There are very few Celtic loan-words in the OE vocabulary, for there must have been little intermixture between the Germanic settlers and the Celtic inBritain. Though in some parts of the island the Celts population was not exterminated during the WG invasion, linguistic evidence of Celtic influence is meager. Obviously there was little that the newcomers could learn from the subjugated Celts. Abun­dant borrowing from Celtic is to be found only in place-names. The OE kingdoms Kent, Deira and Bernicia derive their names from the names of Celtic tribes. The name of York, the Downs and perhaps London have been traced to Celtic sources (Celtic dūn meant 'hill'). Various Celtic designations of 'river' and 'water' were understood by the Germanic invaders as proper names: Ouse, Exe, Esk, Usk, Avon, Evan go back to Celtic amhuin 'river', uisge 'water'; Thames, Stour, Dover also come from Celtic. Some elements frequently occurring in Celtic place-names can help to identify them: -comb 'deep valley' in Batcombe, Duncombe, Winchcombe; -torr 'high rock' in Torr, Torcross; -llan 'church' in Llandaff, Llanelly; -pill 'creek' in Pylle, Huntspill. Many place-names with Celtic elements are hybrids; the Celtic component, combined with a Latin or a Germanic component, make a compound place-name; e.g.

Celtic plus LatinCeltic plus GermanicMan-chesterYork-shireWin-chesterCorn-wall[24]Glou-cesterSalis-buryWor-cesterLich-fieldDevon-portDevon-shireLan-casterCanter-bury

Outside of place-names Celtic borrowings in OE were very few: no more than a dozen. Examples of common nouns are: OE binn (NE bin 'crib'), cradol (NE cradle), bratt 'cloak', dun (NE dun Mark coloured'), dūn 'hill', crass (NE cross), probably through Celtic from the L crux. A few words must have entered OE from Celtic due to the activities of Irish missionaries in spreading Christianity, e.g. OE ancor 'hermit', drӯ'magician', cursian (NE curse)In later ages some of the Celtic borrowings have died out or have survived only in dialects, e.g. loch dial, 'lake', coomb dial. 'vallev'.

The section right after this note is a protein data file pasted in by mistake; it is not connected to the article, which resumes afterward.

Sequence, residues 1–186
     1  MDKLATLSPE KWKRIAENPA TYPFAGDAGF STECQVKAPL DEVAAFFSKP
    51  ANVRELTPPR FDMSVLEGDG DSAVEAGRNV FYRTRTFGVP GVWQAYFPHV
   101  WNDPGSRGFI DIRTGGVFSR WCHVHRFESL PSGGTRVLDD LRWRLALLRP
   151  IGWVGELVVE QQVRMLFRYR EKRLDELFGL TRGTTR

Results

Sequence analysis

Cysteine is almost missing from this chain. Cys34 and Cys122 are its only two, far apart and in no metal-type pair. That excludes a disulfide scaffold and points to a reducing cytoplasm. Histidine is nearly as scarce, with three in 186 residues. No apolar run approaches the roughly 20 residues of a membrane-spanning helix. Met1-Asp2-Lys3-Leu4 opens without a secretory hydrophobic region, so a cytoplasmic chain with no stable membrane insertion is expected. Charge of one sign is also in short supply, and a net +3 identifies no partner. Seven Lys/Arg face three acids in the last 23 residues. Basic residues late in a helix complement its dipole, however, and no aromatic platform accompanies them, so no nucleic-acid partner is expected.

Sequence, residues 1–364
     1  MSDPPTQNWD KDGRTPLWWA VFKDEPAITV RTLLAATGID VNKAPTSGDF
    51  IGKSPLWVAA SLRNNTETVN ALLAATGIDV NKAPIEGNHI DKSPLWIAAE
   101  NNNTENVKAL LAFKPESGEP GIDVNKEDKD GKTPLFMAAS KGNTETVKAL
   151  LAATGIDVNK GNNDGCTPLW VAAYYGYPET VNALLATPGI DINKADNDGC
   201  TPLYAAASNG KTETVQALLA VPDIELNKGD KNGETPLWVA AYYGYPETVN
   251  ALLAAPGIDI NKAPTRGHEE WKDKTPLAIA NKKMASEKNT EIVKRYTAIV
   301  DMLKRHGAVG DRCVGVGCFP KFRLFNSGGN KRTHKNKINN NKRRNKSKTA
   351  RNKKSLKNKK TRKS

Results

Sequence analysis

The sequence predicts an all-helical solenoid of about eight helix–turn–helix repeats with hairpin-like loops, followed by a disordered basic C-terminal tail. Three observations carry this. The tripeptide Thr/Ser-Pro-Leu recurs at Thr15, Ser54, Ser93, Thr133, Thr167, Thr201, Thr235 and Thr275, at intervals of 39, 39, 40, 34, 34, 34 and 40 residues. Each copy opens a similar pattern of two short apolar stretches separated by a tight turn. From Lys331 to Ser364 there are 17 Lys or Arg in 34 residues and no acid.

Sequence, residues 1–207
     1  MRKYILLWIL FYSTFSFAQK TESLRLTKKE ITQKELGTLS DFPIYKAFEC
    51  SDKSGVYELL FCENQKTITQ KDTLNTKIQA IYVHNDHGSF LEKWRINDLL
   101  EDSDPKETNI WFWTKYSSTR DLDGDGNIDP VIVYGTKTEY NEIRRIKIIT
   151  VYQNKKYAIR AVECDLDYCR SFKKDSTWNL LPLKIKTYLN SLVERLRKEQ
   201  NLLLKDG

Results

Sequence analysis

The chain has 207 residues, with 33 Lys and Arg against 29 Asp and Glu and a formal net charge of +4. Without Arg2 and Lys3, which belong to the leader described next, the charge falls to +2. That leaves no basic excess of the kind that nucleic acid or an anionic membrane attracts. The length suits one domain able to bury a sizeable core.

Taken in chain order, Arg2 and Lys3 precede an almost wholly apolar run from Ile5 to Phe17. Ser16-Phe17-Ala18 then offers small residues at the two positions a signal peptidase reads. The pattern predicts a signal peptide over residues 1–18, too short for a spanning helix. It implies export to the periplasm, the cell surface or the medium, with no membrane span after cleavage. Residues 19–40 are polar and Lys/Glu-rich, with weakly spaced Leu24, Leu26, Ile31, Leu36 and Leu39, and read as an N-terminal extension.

Latin Influence on the Old English Vocabulary

The role of the Latin language in Medieval Britain is clearly manifest; it was determined by such historical events as the Roman occupation of Britain, the influence of the Roman civilisation and the introduction of Christianity. It is no wonder that the Latin language exerted considerable influence on different aspects of English: the OE alphabet, the growth of writing and literature. The impact of Latin on the OE vocabulary enables us to see the spheres of Roman influence on the life in Britain.

Latin words entered the English language at different stages of OE history. Chronologically they can be divided into several layers.

The earliest layer comprises words which the WG tribes brought from the continent when they came to settle in Britain. Contact with the Roman civilisation began a long time before the Anglo-Saxon inva­sion (see § 91).

The adoption of Latin words continued in Britain after the invasion, since Britain had been under Roman occupation for almost 400 years. Though the Romans left Britain before the settlement of the West Teut­ons, Latin words could be transmitted to them by the Romanised Celts.

Early OE borrowings from Latin indicate the new things and con­cepts which the Teutons had learnt from the Romans; as seen from the examples below they pertain to war, trade, agriculture, building and home life.

Words connected with trade indicate general concepts, units of measurements and articles of trade unknown to the Teutons before they came into contact with Rome: OE cēapian, cēap, cēapman and manʒion, manʒunʒ, manʒere ('to trade', 'deal', 'trader', 'to trade', 'trading', 'trader') came from the Latin names for 'merchant' — caupo and mango.

Evidently, the words were soon assimilated by the language as they yielded many derivatives.

Units of measurement and containers were adopted with their Lat­in names: OE pund (NE pound),OE ynce (NE inch)from L pondo and uncia, OE mynet, mynetian ('coin', 'to coin'), OE flasce, ciest (NE flask, chest).